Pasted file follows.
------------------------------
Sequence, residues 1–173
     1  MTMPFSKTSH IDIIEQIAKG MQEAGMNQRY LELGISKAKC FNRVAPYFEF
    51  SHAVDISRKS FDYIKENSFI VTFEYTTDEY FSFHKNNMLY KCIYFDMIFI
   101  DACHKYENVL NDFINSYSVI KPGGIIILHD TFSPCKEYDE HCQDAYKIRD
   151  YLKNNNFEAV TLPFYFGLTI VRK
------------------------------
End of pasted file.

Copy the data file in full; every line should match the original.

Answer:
Sequence, residues 1–173
     1  MTMPFSKTSH IDIIEQIAKG MQEAGMNQRY LELGISKAKC FNRVAPYFEF
    51  SHAVDISRKS FDYIKENSFI VTFEYTTDEY FSFHKNNMLY KCIYFDMIFI
   101  DACHKYENVL NDFINSYSVI KPGGIIILHD TFSPCKEYDE HCQDAYKIRD
   151  YLKNNNFEAV TLPFYFGLTI VRK